posted by furnace.heart at 10:00 AM on March 18 [2 favorites]


If you give parties, it's nice to be able to get cheeses, wines, beers and party trays at Costco.

The rotisserie chicken is the bomb-diggity.

When you go you can get lunch for $1.50.

You can buy organic chicken and then repackage it for your freezer, ditto ground meat. (Or non-organic, but good quality meats.)

You can get daily OTC drugs and supplements at VERY good prices.

If you have prescriptions for drugs or glasses, Costco is very competative for these things.

Electronics.

Peeled and deveined shrimp.

Jewelry (we got our wedding rings at Costco.)

Clothing, socks, underwear and polo shirts.

I have a Costco Amex so my annual fee covers my card AND my membership.

FWIW.
posted by Ruthless Bunny at 10:01 AM on March 18 [1 favorite]


I got a super great deal on a gym membership (24 Hour Fitness) through Costco, which I was able to do online. Actually you can buy pretty much everything except for perishables online.

OTC drugs, razors, and such are way cheaper. I have heard their pharmacy is affordable, but it's not convenient for me so I don't use it.

That said, I do have a car but we hardly ever go to Costco because I just don't have space to store it. We only have a membership because my MIL has one and gave us a card.
posted by radioamy at 10:02 AM on March 18


Considering your alternatives and transportation situation, I'd say Costco doesn't offer all that much for you. They are good for quality groceries in large quantities (though not necessarily better that your alternatives), various odds and ends. I have a membership through AmEx, with a Costco about three miles away, have a large enough car and a dedicated freezer, and still find little reason to go there more than about once a year, usually for some specific product. I also have plenty of groceries available closer, Kroger, TJs around the block, several independent and ethnic markets.

If you have a friend with a membership, it might be a good idea to accompany him/her once in a while and make it a bit of a fun shared activity.
posted by 2N2222 at 10:03 AM on March 18 [6 favorites]


Things I buy at Costco that I believe they have good prices for and that would fit in a backpack:

dental floss
Gum soft pics
fish oil
OTC medication
macadamia nuts
spray for cleaning my glasses (free refills!)
pens
flower bulbs
underwear
Clif bars
organic peanut butter
organic strawberry jam
Scotch tape
facial moisturizer
Christmas cards made from my photos
bath towels
Swiffer stuff


Perishables that meet the above qualifications and that come in two-person sizes:
mushrooms
Odwalla juice
berries
bread
vodka
greens (the bag is large but we go through it quickly)
chicken breasts that are already sliced, for salads
some of the cheeses
wild Alaskan smoked salmon (maybe a bit too big)
posted by The corpse in the library at 10:11 AM on March 18 [2 favorites]


My regular Costco list for a 2-person household, albeit with a car and freezer space:

lemons
tub of salad greens
sharp cheddar or gouda cheese
hummus
Ciabatta bread
ground beef
chicken thighs
olive oil
half gallon of half and half
butter
oatmeal
ibuprofen
bag of Skinny Pop popcorn (which is like crack to me)

The membership fee always seems just slightly more than I'm willing to pay, but then we are having a party and/or it's so nice to have a good supply of meat for summer grilling in the freezer that I cave in.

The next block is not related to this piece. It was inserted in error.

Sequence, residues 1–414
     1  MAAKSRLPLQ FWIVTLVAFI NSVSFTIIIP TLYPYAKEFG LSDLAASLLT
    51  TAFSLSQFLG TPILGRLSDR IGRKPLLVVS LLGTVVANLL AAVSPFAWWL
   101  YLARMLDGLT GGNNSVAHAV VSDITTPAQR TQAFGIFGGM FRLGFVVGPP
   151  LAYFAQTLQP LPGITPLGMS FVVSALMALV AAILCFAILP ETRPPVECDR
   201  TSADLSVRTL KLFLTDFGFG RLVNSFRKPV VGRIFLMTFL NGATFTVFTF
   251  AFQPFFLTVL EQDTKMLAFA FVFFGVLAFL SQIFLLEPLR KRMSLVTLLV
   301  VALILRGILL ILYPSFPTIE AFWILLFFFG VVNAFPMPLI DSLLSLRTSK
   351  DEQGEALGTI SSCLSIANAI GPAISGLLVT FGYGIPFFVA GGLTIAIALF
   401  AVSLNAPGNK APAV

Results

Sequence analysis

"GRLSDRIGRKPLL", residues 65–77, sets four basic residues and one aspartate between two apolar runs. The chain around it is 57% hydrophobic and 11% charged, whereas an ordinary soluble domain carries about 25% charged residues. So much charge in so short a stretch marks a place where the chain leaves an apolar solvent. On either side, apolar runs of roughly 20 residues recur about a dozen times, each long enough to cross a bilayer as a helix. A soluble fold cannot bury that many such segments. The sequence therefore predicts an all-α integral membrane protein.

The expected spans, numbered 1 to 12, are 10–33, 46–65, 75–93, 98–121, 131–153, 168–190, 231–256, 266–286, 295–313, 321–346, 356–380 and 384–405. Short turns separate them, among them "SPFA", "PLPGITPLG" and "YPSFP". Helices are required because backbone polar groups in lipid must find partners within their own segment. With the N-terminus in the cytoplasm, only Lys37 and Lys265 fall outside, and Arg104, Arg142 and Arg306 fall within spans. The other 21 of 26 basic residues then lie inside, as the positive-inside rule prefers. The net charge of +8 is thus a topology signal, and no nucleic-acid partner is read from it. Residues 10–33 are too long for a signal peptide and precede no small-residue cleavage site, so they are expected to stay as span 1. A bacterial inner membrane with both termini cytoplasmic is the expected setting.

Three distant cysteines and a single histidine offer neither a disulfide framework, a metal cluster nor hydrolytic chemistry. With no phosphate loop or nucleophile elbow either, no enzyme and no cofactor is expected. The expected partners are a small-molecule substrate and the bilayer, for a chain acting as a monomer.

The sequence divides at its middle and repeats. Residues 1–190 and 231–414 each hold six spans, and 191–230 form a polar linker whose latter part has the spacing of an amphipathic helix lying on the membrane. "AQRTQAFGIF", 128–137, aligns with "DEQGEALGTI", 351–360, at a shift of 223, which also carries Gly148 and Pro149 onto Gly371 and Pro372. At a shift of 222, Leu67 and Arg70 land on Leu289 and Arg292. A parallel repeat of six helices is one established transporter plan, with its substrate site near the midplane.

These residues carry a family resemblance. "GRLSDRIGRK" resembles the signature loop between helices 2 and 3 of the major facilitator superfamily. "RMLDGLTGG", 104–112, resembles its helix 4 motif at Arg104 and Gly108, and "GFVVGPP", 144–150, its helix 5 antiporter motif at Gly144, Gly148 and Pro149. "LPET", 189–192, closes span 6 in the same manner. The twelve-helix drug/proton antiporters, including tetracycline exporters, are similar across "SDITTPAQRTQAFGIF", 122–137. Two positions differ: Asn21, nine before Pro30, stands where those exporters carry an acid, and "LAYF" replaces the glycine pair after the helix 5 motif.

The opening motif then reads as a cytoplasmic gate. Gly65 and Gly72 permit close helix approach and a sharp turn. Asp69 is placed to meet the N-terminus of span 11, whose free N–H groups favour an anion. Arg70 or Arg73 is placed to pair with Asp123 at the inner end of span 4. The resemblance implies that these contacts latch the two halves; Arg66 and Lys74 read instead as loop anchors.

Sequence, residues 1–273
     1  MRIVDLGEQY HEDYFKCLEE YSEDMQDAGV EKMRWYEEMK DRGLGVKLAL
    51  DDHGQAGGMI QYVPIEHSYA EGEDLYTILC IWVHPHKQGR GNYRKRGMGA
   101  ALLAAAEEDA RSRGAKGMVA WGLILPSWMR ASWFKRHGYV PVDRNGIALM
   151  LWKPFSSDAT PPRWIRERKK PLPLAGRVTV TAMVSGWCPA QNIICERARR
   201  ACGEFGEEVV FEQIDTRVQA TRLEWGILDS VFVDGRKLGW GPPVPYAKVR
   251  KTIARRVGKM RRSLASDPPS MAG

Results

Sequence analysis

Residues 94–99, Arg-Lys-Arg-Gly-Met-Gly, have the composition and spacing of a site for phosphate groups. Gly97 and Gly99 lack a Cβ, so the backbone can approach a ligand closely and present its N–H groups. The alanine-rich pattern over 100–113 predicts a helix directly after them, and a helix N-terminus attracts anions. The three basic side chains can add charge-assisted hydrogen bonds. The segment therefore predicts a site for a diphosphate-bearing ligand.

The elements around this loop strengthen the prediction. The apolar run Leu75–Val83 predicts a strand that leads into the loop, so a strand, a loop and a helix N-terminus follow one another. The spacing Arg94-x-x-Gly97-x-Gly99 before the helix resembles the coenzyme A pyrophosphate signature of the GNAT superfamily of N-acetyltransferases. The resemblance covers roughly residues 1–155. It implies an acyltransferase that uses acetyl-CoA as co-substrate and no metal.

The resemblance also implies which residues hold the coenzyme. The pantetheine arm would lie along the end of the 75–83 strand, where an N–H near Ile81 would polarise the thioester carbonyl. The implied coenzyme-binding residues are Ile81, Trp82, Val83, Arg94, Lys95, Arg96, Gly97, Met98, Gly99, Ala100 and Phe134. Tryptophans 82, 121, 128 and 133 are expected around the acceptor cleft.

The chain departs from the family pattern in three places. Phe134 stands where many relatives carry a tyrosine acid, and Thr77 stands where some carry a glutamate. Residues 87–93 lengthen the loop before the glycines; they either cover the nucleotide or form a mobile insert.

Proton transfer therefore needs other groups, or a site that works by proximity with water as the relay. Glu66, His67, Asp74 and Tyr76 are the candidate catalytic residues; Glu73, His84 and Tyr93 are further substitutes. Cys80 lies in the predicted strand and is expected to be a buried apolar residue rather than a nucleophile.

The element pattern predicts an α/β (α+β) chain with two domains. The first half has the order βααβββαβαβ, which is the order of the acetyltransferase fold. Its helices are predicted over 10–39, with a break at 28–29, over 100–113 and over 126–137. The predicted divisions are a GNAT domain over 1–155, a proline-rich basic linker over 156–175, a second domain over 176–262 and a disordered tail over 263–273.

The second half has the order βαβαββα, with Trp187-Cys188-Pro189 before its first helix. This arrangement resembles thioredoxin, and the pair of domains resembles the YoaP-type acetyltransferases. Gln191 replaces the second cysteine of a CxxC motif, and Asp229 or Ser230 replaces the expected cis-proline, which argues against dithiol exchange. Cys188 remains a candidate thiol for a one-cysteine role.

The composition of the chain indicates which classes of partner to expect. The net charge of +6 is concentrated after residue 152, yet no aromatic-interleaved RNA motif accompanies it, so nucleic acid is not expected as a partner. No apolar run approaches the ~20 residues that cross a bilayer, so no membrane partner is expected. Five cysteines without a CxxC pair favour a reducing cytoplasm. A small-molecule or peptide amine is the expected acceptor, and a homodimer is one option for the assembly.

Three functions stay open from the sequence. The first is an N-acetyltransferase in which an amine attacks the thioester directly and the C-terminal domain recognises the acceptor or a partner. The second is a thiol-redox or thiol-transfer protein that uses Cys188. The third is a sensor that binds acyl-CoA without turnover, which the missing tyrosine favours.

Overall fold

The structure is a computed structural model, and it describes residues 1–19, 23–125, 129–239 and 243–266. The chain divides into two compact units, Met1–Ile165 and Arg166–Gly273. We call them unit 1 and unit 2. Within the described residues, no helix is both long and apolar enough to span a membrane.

posted by sarajane at 10:33 AM on March 18 [1 favorite]


I love costco. I also have a car. The one time I took public transit to costco to meet my wife I noticed how pedestrian unfriendly it is. There are no sidewalks or pedestrian walkways. Be prepared to walk up the very busy roadway entrance. I couldn't imagine waking out with stuff.
That said costco has been great for me. There are so many services that you wouldn't even think about. Tire repair , buying a mattress, even buying a car. Pharmacy services, optical services. Plus the bulk deals. If you can go with a friend who had a membership you can purchase items on their card if you think you won't be able to b use it enough. We do this for a friend.
posted by AlexiaSky at 10:34 AM on March 18 [1 favorite]


There is also this other thread in which a bunch of people say what they shop for at Costco.
posted by unsub at 10:36 AM on March 18


Here's what we buy at Costco that's in almost all cases significantly cheaper and/or better than other stores (we live in a small 1 bedroom apartment with a converted bookshelf as a pantry):
* Olive Oil (best price to quality ratio)
* Canola oil
* Popcorn
* Organic chicken
* Steak
* Organic ground beef
* Spinach
* Mushrooms
* Tomatoes
* Apples
* Cooked beets (occasionally)
* Hummus
* Salsa
* Toilet paper
* Paper towels
* Freezer bags
* Lunch meat (Columbus)
* Peanut butter
* Tomato sauce
* Almond milk
* Rice (if we can find a 25 pound bag of Basmati/Jasmine)
* Soap, shampoo, conditioner, toothpaste
* Oral-B brush heads when they go on sale
* Laundry detergent (Kirkland is nearly as good as Tide for 1/3 the price).
* Organic eggs
* Bacon
* Frozen mixed veggies
* Frozen mixed berries
* I bought a UPS backup battery there for $30 less than I could find it anywhere else.

Obviously, much of this is easy to carry. Trader Joes generally has really good prices as well, but we've price compared, and everything we buy at Costco is significantly cheaper and/or a better value than other places we shop.
posted by cnc at 10:41 AM on March 18


Another note about it being unfriendly to pedestrians - I am pretty sure they don't have bags, you just load everything into your car. Maybe they do now since they sell a lot of smaller things and not just giant packages of TP, but you need to bring enough bags with you.

Oh also this is not easy to bring on the bus but you could get delivered - they usually have good deals on office furniture like office chairs.
posted by radioamy at 10:48 AM on March 18


Quick follow up: Meant to say that much of the Costco stuff isn't easy to carry. If money is a bigger issue than weight/bulk/convenience Costco is the way to go.
posted by cnc at 10:51 AM on March 18


[I am already aware of Costco's labor practice positives ]